§ 2. Mr. Soley
asked the Secretary of State for Northern Ireland whether, in view of his difficulties in making progress in the recent discussions with political parties, he will make it his policy to decide the future of Northern Ireland in the interests of all the people of the United Kingdom and Ireland and not allow any part of the United Kingdom to veto such options.
§ The Secretary of State for Northern Ireland (Mr. Humphrey Atkins)
Section 1 of the Northern Ireland Constitution Act 1973 affirms that:in no event will Northern Ireland or any part of it cease to be part of Her Majesty's dominions and of the United Kingdom without the consent of the majority of the people of Northern Ireland".The Government stand wholeheartedly by that commitment. In discussing the future administration of the Province it would not be in anybody's interests to ignore the wishes of the people who live there.
§ Mr. Soley
I understand that it would be fatal to ignore the views of the people who live there, but is it not true that the failure to agree a satisfactory way forward at the recent talks was due largely to the lack of willingness of the leaders of the majority party to compromise? In view of that, is it not true to say that the veto prolongs the agony for most of the people of Northern Ireland?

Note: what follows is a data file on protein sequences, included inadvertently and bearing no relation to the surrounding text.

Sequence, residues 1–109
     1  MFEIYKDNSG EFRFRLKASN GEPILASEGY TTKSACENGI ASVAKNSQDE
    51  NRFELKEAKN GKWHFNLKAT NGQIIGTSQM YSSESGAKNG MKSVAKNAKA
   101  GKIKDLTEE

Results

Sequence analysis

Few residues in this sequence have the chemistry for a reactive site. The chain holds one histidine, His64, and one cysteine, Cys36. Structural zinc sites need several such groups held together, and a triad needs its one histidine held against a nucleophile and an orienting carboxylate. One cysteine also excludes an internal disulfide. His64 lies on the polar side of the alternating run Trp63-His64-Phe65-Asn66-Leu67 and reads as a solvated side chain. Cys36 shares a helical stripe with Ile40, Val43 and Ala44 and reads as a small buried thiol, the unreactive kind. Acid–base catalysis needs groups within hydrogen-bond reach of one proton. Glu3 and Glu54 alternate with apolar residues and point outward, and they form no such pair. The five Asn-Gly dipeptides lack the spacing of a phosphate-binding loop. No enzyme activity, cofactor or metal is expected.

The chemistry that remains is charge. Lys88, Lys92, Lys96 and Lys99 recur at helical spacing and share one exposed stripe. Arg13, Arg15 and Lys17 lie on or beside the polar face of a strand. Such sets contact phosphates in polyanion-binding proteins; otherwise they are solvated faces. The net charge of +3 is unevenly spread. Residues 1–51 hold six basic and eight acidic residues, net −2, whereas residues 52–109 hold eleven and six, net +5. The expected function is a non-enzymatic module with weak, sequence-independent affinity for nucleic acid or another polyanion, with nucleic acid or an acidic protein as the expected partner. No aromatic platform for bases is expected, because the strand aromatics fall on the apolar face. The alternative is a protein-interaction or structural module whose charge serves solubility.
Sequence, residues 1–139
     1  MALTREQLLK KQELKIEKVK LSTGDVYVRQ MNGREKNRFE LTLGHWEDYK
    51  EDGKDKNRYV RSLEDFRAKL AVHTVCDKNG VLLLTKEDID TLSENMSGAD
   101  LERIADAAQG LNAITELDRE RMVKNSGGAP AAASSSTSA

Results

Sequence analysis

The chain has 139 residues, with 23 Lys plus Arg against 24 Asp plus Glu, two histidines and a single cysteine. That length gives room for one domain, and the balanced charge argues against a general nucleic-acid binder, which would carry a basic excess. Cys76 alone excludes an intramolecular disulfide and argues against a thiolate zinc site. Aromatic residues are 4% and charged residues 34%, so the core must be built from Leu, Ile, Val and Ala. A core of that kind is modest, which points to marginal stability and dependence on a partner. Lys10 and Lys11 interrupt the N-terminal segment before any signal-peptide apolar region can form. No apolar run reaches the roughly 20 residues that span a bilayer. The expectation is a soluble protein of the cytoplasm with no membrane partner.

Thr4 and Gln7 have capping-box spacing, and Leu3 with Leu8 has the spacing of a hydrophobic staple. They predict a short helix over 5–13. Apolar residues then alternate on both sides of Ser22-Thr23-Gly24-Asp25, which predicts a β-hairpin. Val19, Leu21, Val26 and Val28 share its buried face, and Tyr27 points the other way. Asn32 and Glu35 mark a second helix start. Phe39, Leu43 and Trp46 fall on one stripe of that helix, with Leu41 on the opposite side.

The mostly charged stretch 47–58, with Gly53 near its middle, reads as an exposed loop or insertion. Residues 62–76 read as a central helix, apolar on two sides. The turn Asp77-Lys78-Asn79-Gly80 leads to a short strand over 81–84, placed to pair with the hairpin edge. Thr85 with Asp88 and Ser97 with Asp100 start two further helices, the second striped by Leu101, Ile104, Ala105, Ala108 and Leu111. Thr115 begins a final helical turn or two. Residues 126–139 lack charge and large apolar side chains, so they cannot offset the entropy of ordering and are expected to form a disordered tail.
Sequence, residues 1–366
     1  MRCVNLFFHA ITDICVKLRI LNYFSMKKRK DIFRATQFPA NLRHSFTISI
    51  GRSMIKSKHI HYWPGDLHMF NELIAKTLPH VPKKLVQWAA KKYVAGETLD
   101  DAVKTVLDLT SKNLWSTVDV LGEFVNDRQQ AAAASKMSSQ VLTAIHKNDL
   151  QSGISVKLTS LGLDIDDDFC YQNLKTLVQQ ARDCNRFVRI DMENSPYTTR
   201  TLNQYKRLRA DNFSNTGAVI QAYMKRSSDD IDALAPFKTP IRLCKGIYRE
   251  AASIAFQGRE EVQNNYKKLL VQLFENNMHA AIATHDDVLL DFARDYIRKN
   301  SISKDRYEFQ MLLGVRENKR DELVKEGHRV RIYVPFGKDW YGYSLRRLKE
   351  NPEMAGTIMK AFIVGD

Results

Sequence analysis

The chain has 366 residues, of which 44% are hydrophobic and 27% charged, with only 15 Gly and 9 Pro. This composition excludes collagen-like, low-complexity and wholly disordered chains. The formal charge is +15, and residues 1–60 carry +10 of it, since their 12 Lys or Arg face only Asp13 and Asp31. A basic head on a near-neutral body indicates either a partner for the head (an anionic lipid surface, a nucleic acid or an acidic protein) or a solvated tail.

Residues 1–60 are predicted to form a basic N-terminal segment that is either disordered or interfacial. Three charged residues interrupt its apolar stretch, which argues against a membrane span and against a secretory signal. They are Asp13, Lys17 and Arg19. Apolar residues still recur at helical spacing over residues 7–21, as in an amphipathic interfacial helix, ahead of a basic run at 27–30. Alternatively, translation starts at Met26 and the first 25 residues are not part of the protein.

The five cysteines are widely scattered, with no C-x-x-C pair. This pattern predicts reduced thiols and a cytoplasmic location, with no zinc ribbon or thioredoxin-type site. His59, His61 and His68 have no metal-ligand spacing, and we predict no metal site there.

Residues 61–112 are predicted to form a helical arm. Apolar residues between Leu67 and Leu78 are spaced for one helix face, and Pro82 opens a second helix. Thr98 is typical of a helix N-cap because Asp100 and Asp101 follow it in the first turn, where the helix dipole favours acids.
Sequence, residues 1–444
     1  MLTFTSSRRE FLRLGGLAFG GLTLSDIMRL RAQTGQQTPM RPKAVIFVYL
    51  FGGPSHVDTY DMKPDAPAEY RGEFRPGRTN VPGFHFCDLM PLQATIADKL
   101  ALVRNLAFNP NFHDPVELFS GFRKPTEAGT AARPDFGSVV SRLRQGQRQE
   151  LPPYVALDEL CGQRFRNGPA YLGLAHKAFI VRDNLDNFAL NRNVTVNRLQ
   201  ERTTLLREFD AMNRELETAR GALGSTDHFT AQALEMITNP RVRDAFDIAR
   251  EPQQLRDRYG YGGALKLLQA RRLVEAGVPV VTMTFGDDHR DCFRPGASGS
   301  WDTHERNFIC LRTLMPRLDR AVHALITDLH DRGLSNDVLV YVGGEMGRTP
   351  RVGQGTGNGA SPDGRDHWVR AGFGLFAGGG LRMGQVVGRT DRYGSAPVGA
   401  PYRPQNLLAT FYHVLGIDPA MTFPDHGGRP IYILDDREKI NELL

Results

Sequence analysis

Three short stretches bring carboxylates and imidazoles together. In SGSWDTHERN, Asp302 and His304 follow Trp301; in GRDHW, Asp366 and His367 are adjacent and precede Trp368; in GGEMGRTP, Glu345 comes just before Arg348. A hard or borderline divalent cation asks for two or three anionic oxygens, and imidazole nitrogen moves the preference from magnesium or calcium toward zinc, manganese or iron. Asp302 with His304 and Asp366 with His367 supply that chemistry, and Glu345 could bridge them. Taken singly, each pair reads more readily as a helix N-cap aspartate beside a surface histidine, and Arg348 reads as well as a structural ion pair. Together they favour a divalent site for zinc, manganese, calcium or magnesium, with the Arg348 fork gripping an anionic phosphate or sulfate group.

§ Mr. Atkins
It is not my business to apportion blame, as the hon. Gentleman seeks to do, to any party in the discussions. The Government's position is clear. We seek a way forward, politically, but we are certain that any way forward that will last must have the support and agreement of all those who live in Northern Ireland.
Mr. J. Enoch Powell
In view of a continuing absence of political agreement among the Conservative, Labour, Liberal and other parties, will the Government continue to 988 govern the country in the interests of the United Kingdom as a whole and not allow any section to veto their intentions?
§ Mr. Atkins
Direct rule will continue in the present situation, but the Government hope that the parties that fought the election on the basis that they would seek some form of political progress, as did the right hon. Gentleman's party, will be able to come together with the other parties, not to find out precisely what should be done, but what framework or machinery would be acceptable to everybody.